I have sat for PANRE every 6 years since 1975. This time, given all of the future uncertainty of the examination process, I took it a year early. I have never looked at the recertification as anything more than a process required to provide some assurance about my continued cerebral function to those who do not work directly with me and who spend their day in an administrative office. I never believed that it measured my competency. I certainly never felt it provided me with any useful information about necessary medical knowledge. I know that having passed it meant nothing to my patients. To me, it has always been a hoop through which to jump.

Don’t get me wrong. I had anxiety about taking it. I believe it was in 1987 and well into my surgical career that I sat for the examination and encountered questions about a problem called Lyme disease. It was after that examination that I decided that maybe I should really do some studying before the examination. One year, I went to a review course. I decided that it really did not help me much. It was before the “blueprint,” and some of the lectures provided up-to-date information instead of information that was 2 to 3 years old (examination questions are notoriously out of date). I started buying review books after that and this year I downloaded a review course. These were very helpful and could be easily managed for the 4 weeks of review I committed to before each examination. Of course, with this cavalier attitude, you would imagine that at some point I would slip up. Well, I did—but I didn’t. I was one of many PAs in 2011 who suffered due to the grading debacle at the NCCPA. I can tell you that receiving notice that I had failed, only to learn several weeks later that “oops, we made a mistake,” is not the examination experience you want late in your career. I was a little surprised that I did not hear about lawsuits against the NCCPA after that, but I guess we were all just relieved that we got another 6 years.

After sitting for all of these examinations, one thing is for sure: I am in complete awe of anyone who has worked in primary care. You have to know a lot, according to the examination. I remember early on actually getting feedback from the commission after the examination: “Dear Mr. Wilson: You have successfully completed the recertification exam. We would recommend remediation in pediatrics, ob-gyn, and psychiatry.” I suppose that reading up on those topics may have been helpful to me, but having dedicated myself to surgery, I have never looked in a child’s ear or estimated the age of a fetus, and I haven’t helped someone with bulimia since PA school. On the other hand, maybe I should be concerned about my knowledge base because the examination, according to some information, is supposed to contain information that all PAs should know. That is why we are so flexible in moving from one area of medicine to another.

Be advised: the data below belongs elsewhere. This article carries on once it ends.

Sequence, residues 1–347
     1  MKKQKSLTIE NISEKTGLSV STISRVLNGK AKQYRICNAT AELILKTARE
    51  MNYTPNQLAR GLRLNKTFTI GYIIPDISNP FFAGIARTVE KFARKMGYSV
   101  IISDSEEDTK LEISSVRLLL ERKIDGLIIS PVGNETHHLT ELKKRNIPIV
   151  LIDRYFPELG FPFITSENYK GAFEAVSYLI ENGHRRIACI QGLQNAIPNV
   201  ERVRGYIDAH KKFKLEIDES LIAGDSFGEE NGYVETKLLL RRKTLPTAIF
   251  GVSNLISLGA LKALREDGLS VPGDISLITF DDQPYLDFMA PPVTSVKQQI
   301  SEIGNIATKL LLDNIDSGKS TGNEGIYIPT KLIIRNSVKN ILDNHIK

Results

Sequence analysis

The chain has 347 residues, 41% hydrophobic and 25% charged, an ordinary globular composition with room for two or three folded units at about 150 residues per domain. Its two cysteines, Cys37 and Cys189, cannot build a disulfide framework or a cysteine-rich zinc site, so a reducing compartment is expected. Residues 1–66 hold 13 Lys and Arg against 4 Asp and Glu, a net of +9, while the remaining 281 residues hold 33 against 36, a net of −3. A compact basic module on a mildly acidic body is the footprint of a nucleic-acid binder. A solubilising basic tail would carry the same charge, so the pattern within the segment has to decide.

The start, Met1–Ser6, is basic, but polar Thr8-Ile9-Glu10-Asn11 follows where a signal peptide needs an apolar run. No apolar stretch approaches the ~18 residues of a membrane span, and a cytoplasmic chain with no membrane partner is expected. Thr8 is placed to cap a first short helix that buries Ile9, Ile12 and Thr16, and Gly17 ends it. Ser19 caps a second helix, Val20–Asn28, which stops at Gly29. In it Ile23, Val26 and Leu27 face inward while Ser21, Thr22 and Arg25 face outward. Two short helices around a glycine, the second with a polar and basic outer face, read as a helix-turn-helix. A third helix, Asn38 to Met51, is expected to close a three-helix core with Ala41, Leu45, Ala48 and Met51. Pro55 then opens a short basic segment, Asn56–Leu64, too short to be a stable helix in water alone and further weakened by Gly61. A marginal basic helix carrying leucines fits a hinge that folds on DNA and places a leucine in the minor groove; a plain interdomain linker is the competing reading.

I am told that, as PAs, we change our areas of practice a lot and frequently move from one specialty to another unrelated specialty. This surprises me. I can see going from general surgery to cardiac surgery— like I did, or from primary care to emergency medicine, but I have always had a difficult time imagining transitioning from pediatrics to neurosurgery. Maybe pediatric neurosurgery? As you know, there has been movement over the last few years to develop a more meaningful process that actually addresses the educational needs of PAs who practice in specialties. The amount of work necessary to accomplish the recertification process, the expense, the career threat to those who do not complete all of the requirements, the potential of specialty certification pigeonholing us into specific career paths, as well as reimbursement ramifications, has met with resistance by the profession. The NCCPA blinked— they’re doing more research, but still plan to change the PANRE steadily over the next several years. However, I can’t say that I disagree with all that the NCCPA was proposing.